Phil Brochard headshot2

A New Song

Friends of All Souls Parish, it is with a heavy heart that I share the news that, after nearly 12 years of service with this congregation, Christopher Putnam is stepping down as the Associate for Liturgy and Music.

As you may know, Christopher has had a very hard year, fighting pneumonia at the start of the year and the beginning of his sabbatical. He returned to his position in February, but as we entered further and further into Lent, and specifically into Holy Week, his physical condition became very trying. The small muscles in his neck, eyes, and throat tired easily, resulting in him not being able to hold his head up, experiencing double vision, and not being able to sing with ease. Normal tasks became exhausting tests.

In consultation with several physicians, he learned that the condition he has been living with since 2000, known as Myasthenia Gravis, had been exacerbated the stress of the season. He was able to receive IV treatments for it in April, but after returning to the organ bench (and the piano bench and the gutbucket and the laptop and choral direction), his symptoms re-surfaced. Christopher persevered through Pentecost, especially wanting to play and be present for the Allen Baptist Temple Men’s Choir singing and worshipping with us that day at All Souls. The day after, on May 16th, he went on sick leave, which then led to short-term disability.

The good news is that his condition has improved since this past spring. But it has become clear that even with medical treatments and two and a half months of rest, that his body simply will not allow for him to engage in the work of the Associate for Liturgy and Music with us at All Souls. Christopher will remain on disability for the foreseeable future as he learns what he is able to do within the context of his condition.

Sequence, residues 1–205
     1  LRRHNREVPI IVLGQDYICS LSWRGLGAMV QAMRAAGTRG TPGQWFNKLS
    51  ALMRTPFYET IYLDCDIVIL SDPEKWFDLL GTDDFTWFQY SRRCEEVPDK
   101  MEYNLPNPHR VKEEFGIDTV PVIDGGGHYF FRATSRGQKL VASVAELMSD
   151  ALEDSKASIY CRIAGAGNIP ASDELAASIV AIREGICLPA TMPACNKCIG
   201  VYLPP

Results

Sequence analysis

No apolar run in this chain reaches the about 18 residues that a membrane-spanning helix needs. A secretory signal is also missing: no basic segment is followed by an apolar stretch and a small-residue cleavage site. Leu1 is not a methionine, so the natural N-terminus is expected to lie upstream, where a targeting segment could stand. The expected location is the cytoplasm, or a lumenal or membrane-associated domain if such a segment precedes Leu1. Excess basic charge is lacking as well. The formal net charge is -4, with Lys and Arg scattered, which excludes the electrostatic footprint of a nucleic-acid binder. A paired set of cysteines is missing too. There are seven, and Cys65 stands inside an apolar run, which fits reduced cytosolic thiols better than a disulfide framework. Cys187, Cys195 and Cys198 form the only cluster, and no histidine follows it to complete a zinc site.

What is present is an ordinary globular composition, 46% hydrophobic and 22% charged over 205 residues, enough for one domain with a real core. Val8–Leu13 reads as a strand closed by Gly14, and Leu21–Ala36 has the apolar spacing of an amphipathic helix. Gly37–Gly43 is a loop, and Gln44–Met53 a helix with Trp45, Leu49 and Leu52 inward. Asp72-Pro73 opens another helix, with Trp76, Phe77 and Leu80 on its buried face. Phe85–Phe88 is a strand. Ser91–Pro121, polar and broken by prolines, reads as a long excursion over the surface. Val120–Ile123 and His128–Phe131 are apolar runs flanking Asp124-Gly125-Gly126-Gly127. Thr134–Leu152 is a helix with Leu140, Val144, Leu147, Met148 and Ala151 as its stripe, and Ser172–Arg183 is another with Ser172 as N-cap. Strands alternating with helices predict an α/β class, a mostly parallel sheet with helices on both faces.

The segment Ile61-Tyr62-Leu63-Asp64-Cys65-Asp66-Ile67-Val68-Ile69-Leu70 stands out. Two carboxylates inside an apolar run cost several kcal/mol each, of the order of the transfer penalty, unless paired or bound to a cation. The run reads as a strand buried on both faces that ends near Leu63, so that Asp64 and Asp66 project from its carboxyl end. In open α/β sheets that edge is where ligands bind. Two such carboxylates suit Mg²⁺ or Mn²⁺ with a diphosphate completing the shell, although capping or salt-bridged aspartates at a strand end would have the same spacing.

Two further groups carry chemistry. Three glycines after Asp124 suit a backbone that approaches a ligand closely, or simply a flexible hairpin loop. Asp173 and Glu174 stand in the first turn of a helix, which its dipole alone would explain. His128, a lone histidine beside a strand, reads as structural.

This kind of challenge is not foreign to Christopher. Near the start of the year 2000, Christopher Putnam, then the Organist and Choir Master at Grace Cathedral (and three months newly married to Caroline), began to feel winded. He soon learned that he had cancer, and went into surgery to remove a large tumor and an entire lung on Ash Wednesday, emerging from his coma after Easter. He then spent months and months in recovery and rehabilitation, eventually leaving his position at Grace.

It was while he was in study at CDSP that we at All Souls learned of his availability to fill in as an interim musician in September of 2004. When the Rector, the Rev. Andrew Walmisley, returned from leave, Christopher became the Associate for Liturgy and Music at All Souls, and it is fair to say that our ways of worshipping God have broadened, deepened, and grown ever since. And for that I am eternally grateful.

Christopher and Caroline will remain at All Souls, and Christopher, after 33 years of getting paid to play on Sunday morning, is now going to become a member of All Souls Parish in Berkeley. (That will be a fun new member welcoming ceremony.) We will be having a lunch and celebration of Christopher’s work after the 11:15 am service on Sunday, September 25th. Please mark the time and date in your calendars to join in this gathering of thanks and praise.

In the interim, the superb duo of Carol Terry and Joe Rosenmayer (along with Ed Hofmann and Katie McGonigal) will be leading us on Sunday mornings and from time to time will be joined by other musicians. Carol and Joe have been remarkable and faithful for months now and will need some well-deserved time away. I am currently gathering a search team to begin the process to find a new musician (or musicians) presently.